On the weekends, I traveled to as many sites as I could. Mostly, I traveled alone and would ask other tourists to take my picture with these great backdrops (and of course, I would reciprocate).

Libra Image 1
Photo of me in Beihai Park in Beijing. The famous White Dagoba is behind me.

Libra Image 2
Here I am walking on Great Wall.

In the office, one big difference from the U.S. is that my co-workers tended to start work a little later (maybe 9:00 am or so) and work late (till 9:00 or 10:00 pm, depending on deadlines). But they did not necessarily work hard the entire 12 or 14 hours. Many would take a stroll through the park, enjoy a long lunch and dinner, and relax and try to have some fun while in the office. I understand that most professionals in Beijing also work similar hours, with many not eating dinners until 9 pm.

Libra Image 3
Drawing a master plan for a luxury residential villa community on a reservoir in Ordos, Inner Mongolia. My partner for the project is Baijie. (I call him Mr. White.)

Libra Image 4
The almost-complete line drawing of the master plan is approximately seven feet long. In the photo with me is Mr. Young.

I was also the only foreigner and the youngest designer there. My role was also a little different from the rest of my co-workers. They are very talented and experienced in hand graphics and the use of software—more so than most of my contemporaries back home. Thus, they prepared most details for design and construction documents, and any other graphics. However, they appeared to be less proficient in design. I believe I was hired primarily because I had a reputation of being a creative thinker who could envision a more comprehensive “big picture” view of a finished site. Also, I think that I was the only one with business cards, on which I was described as a "Senior Designer."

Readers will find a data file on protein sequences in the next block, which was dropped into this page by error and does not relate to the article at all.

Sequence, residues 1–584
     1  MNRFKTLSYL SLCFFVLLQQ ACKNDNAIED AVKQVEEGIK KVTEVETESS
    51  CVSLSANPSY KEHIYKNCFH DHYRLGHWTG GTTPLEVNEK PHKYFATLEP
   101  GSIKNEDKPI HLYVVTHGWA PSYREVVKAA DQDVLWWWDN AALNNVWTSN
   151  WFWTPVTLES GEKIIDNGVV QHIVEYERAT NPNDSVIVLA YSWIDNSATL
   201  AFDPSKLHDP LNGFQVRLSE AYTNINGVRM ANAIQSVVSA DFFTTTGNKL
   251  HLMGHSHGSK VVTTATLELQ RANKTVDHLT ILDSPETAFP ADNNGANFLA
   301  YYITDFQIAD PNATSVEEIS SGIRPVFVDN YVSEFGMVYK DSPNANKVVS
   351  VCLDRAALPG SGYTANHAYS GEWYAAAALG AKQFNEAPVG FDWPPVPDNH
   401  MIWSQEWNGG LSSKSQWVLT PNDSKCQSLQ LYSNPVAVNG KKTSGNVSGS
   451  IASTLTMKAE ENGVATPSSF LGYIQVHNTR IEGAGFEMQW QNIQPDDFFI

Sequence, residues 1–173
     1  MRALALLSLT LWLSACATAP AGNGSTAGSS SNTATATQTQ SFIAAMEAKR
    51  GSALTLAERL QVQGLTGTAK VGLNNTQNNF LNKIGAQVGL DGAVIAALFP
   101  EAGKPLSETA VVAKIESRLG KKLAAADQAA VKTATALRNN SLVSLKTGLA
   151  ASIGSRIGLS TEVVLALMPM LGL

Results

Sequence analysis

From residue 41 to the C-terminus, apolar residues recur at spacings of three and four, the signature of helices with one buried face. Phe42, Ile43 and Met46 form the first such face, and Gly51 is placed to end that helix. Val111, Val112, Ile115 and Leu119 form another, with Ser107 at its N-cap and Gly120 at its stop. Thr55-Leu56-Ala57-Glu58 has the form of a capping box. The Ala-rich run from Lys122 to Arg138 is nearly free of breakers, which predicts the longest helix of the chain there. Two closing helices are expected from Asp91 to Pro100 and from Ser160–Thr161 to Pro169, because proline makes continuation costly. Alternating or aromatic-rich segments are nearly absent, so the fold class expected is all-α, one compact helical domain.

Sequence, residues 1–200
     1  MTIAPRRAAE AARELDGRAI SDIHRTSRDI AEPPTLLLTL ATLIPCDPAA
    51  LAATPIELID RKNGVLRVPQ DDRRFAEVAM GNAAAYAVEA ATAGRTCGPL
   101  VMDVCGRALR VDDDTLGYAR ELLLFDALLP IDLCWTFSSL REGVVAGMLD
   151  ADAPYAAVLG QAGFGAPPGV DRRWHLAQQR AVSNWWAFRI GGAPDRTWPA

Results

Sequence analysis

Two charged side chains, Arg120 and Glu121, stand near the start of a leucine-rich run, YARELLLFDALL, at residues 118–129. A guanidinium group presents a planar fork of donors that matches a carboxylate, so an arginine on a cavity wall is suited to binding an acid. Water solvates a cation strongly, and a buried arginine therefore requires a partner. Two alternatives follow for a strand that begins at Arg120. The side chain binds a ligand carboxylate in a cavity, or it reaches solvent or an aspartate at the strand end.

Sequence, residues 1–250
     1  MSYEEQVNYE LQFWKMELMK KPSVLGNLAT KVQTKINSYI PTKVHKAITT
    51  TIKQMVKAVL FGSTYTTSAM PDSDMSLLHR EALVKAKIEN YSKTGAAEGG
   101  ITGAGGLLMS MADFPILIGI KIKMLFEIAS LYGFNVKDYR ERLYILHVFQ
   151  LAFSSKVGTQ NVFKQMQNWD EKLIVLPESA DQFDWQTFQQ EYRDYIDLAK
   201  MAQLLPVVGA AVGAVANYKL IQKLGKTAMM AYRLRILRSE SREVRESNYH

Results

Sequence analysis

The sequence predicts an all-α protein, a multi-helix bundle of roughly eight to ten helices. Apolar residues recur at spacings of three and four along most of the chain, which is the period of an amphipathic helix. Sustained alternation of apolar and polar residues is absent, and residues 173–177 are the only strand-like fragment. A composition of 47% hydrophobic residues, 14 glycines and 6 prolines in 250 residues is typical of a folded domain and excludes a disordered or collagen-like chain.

The firm owners encouraged me to travel to the projects to review the site, meet the client, and present concept designs. On these trips, one of the owners, who are both fluent in English, would always travel with me to translate my ideas to the client. Back in the office, I would work with others to develop concept master plans and assist in creating graphics. On average, I made two Sketch-Up models a week and used AutoCAD to design plans. But sometimes it was frustrating to communicate with my co-workers because there were just a few who spoke English. Those few, however, were very valuable in helping to translate my ideas to the others. But because my role was unlike others in the office, I sometimes felt a little out of place.

On the whole, I would rate my experience in China as truly exceptional, and I am very grateful to my Chinese colleagues for their guidance and help. I also hope that others with international experience share their experiences, adventures, and projects with other members of the ASLA Professional Practice Networks.

Justin Libra is a 2010 landscape architecture graduate of Michigan State University and can be reached at